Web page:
HUD OIG report 2017 may offer a hint of a solution to the SBA Loan Declined still showing as DOB
Published July 18 2018 updated July 18 2018 4 min. 33 seconds read
HUD OIG published its recommendations and HUD made its comments. But still today we are seeing thousands of low income families penalized for duplication of disaster recovery benefits that they did not receive and did not want to take.
Do you all know Cunningham's Law?
"The best way to get the right answer on the internet is not to ask a question; it's to post the wrong answer."
Don't allow misleading or misinformation to cost you. Nearly all of the wrong answers come from not knowing where and how to search for the correct answers.
When government officials came together in search of a recovery program to help Americans after a disaster they came up with several programs. Over the years since that time many changes have been made and more restrictions put into place.
Most all of the restrictions are needed. It's of my opinion even more need to be added, restrictions that denial future funding based on past funding fraud or mismanagement.
You can even take a percentage of the amount of money that the state was awarded and deduct that amount from all future grants until the mistakes are no longer repeated.
For restrictions we clearly want to focus on HUD national objectives. Simple 3 points to cover.
HUD National Objectives Categories and Subcategories
- Activities Benefiting Low/Moderate Income Persons
- L/M Income Area Benefit
- L/M Income Limited Clientele
- L/M Income Housing
- L/M Income Jobs
- Prevention / Elimination of Slums or Blight
- Addressing Slums or Blight on an Area Basis
- Addressing Slums or Blight on a Spot Basis
- Addressing Slums or Blight in an Urban Renewal Area
- Urgent Needs
HUD Responded very rational to the HUD OIG Report.
With comments identifying the issue with the SBA loans by individuals that declined the SBA loan we can see they are clear with their objective.
HUD Comments regarding OIG Report:
Comment 2: The OIG is correct that CPD did not publish the guidance concerning households that declined SBA loans and the award of CDBG-DR assistance as part of the Departmental clearance process. CPD notes that HUD's Directives Handbook 000.2, REV-3 provides that the Assistant Secretaries must ensure compliance with the Handbook, but it also states that the Secretary or Deputy Secretary may exempt an individual HUD Principal from compliance with the Handbook. The guidance was issued to address pressing questions about the eligibility of recovering homeowners and businesses to receive CDBG-DR assistance. While it is unclear whether the Secretary at the time provided a written exemption from the Departmental clearance process for this purpose, the Secretary was briefed on the guidance when it was being developed and was supportive of its publication.
Comment 2: Although the document did not go through the Departmental Clearance process, the guidance was developed in consultation with HUD's Office of General Counsel and the Hurricane Sandy Task Force, established pursuant to Executive Order. CPD also coordinated with the SBA prior to publishing the guidance.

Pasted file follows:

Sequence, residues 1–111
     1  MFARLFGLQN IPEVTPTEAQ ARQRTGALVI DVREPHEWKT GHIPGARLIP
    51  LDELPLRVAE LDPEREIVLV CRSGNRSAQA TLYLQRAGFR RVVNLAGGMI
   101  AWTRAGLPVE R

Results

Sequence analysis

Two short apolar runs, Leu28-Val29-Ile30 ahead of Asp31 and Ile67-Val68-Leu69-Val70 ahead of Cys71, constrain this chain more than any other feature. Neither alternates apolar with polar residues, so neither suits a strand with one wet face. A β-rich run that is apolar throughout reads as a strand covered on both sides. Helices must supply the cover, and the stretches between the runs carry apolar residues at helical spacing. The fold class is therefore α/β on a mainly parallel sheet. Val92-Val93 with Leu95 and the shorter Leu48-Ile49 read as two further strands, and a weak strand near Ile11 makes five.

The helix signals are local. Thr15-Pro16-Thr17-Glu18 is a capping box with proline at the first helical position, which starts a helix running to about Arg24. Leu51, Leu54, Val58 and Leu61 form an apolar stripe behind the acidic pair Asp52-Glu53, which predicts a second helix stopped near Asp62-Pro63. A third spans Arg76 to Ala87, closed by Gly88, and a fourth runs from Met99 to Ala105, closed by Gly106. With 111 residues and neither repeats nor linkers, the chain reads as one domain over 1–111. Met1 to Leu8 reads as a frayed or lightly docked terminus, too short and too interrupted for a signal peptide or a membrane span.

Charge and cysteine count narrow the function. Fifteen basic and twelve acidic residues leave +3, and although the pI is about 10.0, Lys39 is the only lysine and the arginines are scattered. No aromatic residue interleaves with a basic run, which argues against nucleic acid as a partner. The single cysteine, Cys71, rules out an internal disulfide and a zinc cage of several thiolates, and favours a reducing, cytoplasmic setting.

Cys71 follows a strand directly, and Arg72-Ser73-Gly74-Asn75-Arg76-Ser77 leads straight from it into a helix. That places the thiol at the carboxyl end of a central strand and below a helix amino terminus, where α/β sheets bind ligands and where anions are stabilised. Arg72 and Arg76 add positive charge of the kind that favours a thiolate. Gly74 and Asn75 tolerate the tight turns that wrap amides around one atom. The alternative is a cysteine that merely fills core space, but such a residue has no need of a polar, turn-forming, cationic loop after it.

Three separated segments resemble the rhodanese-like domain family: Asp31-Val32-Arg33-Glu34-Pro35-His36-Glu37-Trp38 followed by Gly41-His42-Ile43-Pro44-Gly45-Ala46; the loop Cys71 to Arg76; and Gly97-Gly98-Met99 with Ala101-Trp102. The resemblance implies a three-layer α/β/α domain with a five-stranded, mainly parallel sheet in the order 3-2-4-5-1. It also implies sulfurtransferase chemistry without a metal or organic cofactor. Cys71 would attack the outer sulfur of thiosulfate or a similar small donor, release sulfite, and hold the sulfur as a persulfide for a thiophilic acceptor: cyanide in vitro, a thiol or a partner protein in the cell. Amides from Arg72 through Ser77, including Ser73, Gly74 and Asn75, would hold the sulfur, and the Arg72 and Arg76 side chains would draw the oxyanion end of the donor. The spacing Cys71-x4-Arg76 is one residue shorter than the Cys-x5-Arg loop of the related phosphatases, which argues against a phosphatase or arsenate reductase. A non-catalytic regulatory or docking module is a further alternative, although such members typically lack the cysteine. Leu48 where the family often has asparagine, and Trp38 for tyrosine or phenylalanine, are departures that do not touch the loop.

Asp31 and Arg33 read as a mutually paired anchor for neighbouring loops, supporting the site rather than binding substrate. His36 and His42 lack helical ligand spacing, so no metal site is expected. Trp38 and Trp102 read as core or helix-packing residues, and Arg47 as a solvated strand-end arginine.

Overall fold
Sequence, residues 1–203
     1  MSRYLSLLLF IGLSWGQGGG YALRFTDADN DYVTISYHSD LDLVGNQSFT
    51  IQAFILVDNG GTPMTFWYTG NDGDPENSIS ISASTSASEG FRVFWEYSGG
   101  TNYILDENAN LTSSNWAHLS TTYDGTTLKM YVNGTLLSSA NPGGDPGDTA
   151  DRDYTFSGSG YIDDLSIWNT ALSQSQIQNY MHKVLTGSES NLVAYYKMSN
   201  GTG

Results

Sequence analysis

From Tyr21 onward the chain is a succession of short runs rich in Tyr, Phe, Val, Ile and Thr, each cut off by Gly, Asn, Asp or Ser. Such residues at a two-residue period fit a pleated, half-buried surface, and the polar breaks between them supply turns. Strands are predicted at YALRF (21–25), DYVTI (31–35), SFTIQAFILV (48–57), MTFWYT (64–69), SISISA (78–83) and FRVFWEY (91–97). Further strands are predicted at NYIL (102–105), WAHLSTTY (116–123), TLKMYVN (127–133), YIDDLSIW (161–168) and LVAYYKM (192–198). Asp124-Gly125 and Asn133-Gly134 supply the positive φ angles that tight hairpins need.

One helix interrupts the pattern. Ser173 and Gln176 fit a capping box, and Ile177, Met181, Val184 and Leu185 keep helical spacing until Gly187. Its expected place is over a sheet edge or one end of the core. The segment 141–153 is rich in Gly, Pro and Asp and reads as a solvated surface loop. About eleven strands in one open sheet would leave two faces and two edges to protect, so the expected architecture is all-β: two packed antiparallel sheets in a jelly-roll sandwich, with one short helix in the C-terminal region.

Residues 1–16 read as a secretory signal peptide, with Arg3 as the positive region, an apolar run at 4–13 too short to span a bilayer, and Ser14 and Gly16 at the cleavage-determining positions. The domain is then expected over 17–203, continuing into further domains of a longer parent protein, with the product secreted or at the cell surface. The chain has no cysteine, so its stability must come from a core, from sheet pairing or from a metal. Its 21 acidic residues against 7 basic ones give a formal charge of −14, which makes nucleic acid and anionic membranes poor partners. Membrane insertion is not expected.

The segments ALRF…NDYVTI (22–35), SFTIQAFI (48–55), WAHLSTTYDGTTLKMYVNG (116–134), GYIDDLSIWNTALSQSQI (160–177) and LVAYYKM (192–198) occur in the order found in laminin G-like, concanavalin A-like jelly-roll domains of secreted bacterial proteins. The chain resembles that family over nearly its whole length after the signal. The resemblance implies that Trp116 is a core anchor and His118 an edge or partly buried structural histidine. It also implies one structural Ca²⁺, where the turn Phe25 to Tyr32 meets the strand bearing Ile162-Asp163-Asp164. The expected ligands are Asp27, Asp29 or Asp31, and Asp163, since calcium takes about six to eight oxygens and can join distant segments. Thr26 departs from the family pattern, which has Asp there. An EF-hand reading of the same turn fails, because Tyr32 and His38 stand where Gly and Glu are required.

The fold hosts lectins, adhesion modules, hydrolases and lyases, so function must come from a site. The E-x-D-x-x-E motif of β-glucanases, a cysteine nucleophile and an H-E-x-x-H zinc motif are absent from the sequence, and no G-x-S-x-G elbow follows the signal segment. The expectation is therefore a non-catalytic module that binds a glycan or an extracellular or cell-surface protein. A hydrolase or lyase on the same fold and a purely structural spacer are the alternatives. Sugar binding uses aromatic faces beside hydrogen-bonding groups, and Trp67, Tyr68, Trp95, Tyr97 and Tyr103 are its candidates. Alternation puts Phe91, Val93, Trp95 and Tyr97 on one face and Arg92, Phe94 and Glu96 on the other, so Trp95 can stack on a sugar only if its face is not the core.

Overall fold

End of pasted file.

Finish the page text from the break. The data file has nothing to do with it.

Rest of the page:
Comment 3: CPD disagrees that the July 25th guidance contradicts its previous guidance included in a Notice published in the Federal Register on November 16, 2011, (76 FR 71040). The Federal Register Notice provided instruction to CDBG-DR grantees on how to prevent the duplication of benefits. In describing the federal government's disaster recovery programs and delivery sequence, the Notice states that SBA loans are among the government's primary and standard forms of disaster assistance, and that CDBG-DR funds should not be used to pay down SBA loans. Because CDBGDR funds are provided through supplemental Congressional appropriations, the funds are intended to supplement rather than supplant SBA assistance. The July 25th guidance clarified the Federal Register Notice by addressing the circumstances under which CDBG-DR grantees could assist households who applied for, but declined, SBA assistance, and the manner in which this can be done.
Comment 4: The November 16, 2011, Federal Register Notice and the July 25th guidance are entirely consistent. A homeowner's decision to decline SBA assistance and a grantee's subsequent award of CDBG-DR funds to that household does not result in CDBG-DR funds supplanting SBA funds. All CDBG-DR grantees must identify the amount and purpose of any disaster recovery funds that a household has received or is expected to receive and determine whether those funds are available. Once a homeowner formally declines an SBA loan, the SBA funds are not available to the homeowner, and the duplication of benefits prohibition in section 312 of the Stafford Act (42 U.S.C. 5155) is not implicated. Therefore, CPD determined at the time that CDBG-DR assistance that is subsequently provided to the homeowner would not supplant the SBA loan that was declined.
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